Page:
Asthma is one of the most common chronic diseases of childhood, affecting more than 6.1 million American children with asthma rates increasing by as much as 28% between 2001 and 2011.1,2 In addition, minority and low-income children have been shown to share a greater burden of asthma morbidity and mortality.3 Assessing asthma severity, defined as either intermittent or persistent, is key to initiating appropriate therapy. Persistent asthma in children requires the use of a controller medication, usually a daily inhaled steroid preparation, to control asthma symptoms.
There are two different asthma classification systems assessing asthma severity and predicting the need for daily controller therapy. The Healthcare Effectiveness Data and Information Set (HEDIS) quality measures are used by managed care organizations (MCOs) to assess the quality of care delivered by individual primary care practices. For pediatric asthma care, the metrics are generated from billing data over a 2-year period and are used to assess the need for daily controller therapy and to provide quality report cards as well as payments for performance to primary care practices4 (Table 1). Typically, the data, which measure more resource utilization, are provided to the clinician by the MCO retrospectively, at fixed time intervals.
By contrast, the National Heart, Lung, and Blood Institute (NHLBI) asthma guidelines are used clinically and in real time to classify asthma severity and to determine the need for a controller medication. The NHLBI guidelines, which are more based on the frequency of symptoms, are based on best practices and as such are the touchstone for evidence-based practitioners. The guidelines were developed after a comprehensive literature search, assessing the weight of current evidence, and discussion and interpretation of the evidence by experts5 (Table 2).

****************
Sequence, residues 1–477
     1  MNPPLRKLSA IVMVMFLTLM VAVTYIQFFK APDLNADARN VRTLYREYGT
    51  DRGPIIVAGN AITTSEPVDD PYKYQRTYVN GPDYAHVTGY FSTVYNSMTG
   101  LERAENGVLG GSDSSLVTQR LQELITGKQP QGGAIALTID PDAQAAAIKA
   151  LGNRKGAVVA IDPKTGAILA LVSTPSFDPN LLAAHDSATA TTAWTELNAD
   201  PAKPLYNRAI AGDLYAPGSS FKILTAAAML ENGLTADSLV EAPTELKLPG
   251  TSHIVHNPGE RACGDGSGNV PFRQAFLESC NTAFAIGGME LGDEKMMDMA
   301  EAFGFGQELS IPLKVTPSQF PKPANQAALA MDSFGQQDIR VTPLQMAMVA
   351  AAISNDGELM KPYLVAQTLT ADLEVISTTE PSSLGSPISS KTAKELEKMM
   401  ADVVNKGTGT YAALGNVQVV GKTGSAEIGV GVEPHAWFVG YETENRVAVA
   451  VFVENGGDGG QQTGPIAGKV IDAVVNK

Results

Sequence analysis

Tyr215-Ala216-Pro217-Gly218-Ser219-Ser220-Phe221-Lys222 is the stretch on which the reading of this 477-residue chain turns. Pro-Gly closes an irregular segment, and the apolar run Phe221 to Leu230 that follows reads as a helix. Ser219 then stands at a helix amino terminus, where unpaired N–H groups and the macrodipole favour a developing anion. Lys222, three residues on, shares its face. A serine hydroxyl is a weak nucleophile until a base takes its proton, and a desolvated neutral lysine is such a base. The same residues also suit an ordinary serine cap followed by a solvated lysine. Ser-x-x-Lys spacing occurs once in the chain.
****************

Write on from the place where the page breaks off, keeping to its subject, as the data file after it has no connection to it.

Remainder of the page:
How these two measurement systems correlate is largely unknown. A single, previous study using post hoc determinations of NHLBI scores by interviews suggested misclassification of controller need by the HEDIS criteria.6 The objective of this study was to determine the degree of agreement between NHLBI and HEDIS criteria in classifying persistent asthma in an urban, publicly insured pediatric population.